May was National High Blood Pressure Awareness month but perhaps we should devote the entire year to it. It is estimated that over 76,000,000 adults in the United States ≥ 20 years of age have hypertension (HTN) leading to direct and indirect costs exceeding $50 billion annually.1 The age adjusted prevalence of HTN was 75% for older women and 65% for older men based on national health statistics.2 Unfortunately, among patients ≥ 80 years of age, only 38% of men and 23% of women had blood pressures that met targets.3 It is not known why the control rate is so low; is it related to resistant HTN or is it related to reluctance to treat HTN in the very elderly?
The results of the Hypertension in the Very Elderly Trial (HYVET) have been previously published.4 Briefly, this was a randomized, double blind, placebo controlled trial conducted in 195 centers in 13 countries in western and eastern Europe, China, Australasia, and Tunisia. Participants had to be aged 80 years or greater and have a sustained systolic blood pressure (SBP) of 160 mm Hg or higher. Patients were assigned to receive indapamide SR 1.5 mg daily (Step I), indapamide plus perindopril 2 mg daily (Step II), or indapamide SR plus perindopril 4 mg daily (Step III) or corresponding matching placebos. Drug titration was encouraged in order to achieve a target SBP < 150 mm Hg. In the active treatment arm 25% of patients were on Step I, 28% on Step II, and 45% on Step III. At the end of the trial the mean sitting blood pressure was 145.0/76.6 mm Hg in patients on active treatment compared to 159.3/80.8 mm Hg in those on placebo (P<0.001). The study was stopped early with a median follow-up of 1.8 years because clear evidence of active treatment was found. Total mortality was reduced by 21% (95% confidence interval 4% to 35%; P=0.019) and cardiovascular events by 34% (18% to 47%; P<0.001).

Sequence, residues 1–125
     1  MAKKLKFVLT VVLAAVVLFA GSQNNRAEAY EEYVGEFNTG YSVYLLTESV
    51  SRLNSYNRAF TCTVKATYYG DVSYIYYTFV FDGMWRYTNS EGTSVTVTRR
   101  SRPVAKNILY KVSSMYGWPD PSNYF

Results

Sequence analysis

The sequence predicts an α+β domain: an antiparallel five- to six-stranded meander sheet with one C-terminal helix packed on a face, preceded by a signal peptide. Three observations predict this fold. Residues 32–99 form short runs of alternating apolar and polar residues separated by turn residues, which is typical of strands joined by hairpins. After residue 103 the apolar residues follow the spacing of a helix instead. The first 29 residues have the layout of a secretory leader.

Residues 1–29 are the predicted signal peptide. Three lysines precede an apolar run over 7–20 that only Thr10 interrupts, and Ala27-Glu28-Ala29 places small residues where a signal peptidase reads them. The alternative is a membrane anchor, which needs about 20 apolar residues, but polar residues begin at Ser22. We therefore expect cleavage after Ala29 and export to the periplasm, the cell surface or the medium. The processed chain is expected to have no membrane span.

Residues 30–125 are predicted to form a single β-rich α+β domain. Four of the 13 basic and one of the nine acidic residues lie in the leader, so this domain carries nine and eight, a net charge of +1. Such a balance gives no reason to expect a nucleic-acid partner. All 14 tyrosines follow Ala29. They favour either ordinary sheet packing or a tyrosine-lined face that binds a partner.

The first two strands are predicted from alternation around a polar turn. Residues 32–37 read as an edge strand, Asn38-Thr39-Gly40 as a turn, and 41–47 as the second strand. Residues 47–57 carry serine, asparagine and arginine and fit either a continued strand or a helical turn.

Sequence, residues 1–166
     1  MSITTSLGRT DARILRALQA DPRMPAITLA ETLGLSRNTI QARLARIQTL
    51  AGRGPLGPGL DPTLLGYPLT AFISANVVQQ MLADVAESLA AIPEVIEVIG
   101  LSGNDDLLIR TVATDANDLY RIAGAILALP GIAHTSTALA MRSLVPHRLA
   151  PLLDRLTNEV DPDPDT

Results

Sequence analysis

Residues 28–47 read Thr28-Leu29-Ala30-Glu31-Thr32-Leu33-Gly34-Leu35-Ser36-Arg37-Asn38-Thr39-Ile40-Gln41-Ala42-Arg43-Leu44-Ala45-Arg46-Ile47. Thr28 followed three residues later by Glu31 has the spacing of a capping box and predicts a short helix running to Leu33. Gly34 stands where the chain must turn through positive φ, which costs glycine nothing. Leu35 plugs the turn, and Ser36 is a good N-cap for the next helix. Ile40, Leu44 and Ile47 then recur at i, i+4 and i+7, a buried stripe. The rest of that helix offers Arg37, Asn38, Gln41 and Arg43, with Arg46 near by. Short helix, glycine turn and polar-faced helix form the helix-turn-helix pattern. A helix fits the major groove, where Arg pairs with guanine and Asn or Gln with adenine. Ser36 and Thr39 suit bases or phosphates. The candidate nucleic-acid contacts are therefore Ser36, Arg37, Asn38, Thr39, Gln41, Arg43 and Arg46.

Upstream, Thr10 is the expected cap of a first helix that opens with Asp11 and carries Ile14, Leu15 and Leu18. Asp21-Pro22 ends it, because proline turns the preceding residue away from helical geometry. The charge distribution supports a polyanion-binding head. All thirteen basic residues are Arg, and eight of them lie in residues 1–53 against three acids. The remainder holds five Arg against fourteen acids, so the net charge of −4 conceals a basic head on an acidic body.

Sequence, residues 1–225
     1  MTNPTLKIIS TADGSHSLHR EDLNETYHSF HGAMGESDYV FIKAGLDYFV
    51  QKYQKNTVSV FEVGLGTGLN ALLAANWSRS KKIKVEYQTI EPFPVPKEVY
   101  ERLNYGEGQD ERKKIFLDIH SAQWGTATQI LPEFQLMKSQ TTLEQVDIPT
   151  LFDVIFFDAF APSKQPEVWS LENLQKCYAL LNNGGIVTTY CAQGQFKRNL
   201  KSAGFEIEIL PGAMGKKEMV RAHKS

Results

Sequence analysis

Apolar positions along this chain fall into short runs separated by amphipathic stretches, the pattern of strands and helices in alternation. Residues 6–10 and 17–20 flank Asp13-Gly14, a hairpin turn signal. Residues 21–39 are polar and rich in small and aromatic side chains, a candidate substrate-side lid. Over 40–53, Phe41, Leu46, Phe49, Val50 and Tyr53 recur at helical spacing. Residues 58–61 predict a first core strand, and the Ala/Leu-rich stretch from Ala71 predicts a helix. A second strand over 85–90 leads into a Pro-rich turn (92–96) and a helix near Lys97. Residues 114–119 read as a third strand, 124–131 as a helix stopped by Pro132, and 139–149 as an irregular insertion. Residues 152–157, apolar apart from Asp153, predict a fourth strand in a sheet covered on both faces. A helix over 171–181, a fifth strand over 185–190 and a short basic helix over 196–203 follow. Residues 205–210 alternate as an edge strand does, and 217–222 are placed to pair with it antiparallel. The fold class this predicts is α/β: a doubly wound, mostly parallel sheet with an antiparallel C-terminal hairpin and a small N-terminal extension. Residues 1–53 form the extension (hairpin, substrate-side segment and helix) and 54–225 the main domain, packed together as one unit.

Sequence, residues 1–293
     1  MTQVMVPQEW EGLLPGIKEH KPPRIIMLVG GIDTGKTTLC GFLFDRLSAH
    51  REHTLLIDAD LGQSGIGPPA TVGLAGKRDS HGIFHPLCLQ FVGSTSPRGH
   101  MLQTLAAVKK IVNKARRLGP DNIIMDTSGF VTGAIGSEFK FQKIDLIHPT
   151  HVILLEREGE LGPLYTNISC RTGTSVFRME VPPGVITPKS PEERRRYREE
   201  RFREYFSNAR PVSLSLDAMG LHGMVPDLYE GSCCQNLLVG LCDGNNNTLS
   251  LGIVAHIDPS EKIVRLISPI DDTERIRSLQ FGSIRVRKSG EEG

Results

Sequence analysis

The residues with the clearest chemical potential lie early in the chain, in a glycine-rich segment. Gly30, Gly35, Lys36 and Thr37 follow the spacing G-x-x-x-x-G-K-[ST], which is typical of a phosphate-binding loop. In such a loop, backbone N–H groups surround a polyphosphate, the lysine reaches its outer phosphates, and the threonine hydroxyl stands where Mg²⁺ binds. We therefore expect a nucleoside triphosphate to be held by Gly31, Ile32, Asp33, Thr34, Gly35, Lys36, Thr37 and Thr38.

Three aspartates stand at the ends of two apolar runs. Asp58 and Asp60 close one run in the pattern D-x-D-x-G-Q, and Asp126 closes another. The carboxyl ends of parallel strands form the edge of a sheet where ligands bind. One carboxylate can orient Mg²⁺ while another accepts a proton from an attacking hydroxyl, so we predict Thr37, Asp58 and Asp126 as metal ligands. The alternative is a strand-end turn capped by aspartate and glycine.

At the end of the trial patients still on double-blind treatment and had not reached a study endpoint were eligible for a one-year open-label extension study. Patients provided a written consent prior to starting the follow-up trial. Patients were seen at three-month intervals. The same endpoint data used in the main trial were collected. At the end of the main HYVET trial 1009 patients were receiving active therapy and 873 were on matching placebo. Of this cohort, 924 patients taking active treatment and 788 taking placebo entered the extension trial. All patients were restarted at Step I therapy with indapamide regardless of their final therapy in the main trial. At six months there was not a statistical difference in the blood pressures of the two groups; 145.3/76 mm Hg in patients on previous active therapy versus 146.6/76.6 mm Hg previously on placebo.
At the end of the extension there were no differences in the primary outcome of fatal and non-fatal stroke or for heart failure or a composite of cardiovascular events. However, patients originally assigned to active therapy had lower total mortality (hazard ratio 0.48, 0.26 to 0.87; P=0.02) and cardiovascular mortality (0.19, 0.04 to 0.87; P=0.03). The investigators concluded that the cardiovascular benefits of treating HTN in the very elderly are seen early in the course of treatment. Some benefits such as total and cardiovascular mortality may take longer. The data also demonstrated that most patients > 80 years of age can achieve a SBP < 140 mm Hg with combination therapy. The benefits of this indapamide/perindopril regimen should not be extrapolated to other thiazide-type diuretics such as hydrochlorothiazide. Another large randomized controlled trial in elderly patients ≥ 60 years of age, the Systolic Hypertension in Elderly Persons (SHEP) trial used a chlorthalidone-based regimen which resulted in a significant decrease in major cardiovascular events.6
1. Fields LE, Burt VL, Cutler JA, et al. The burden ...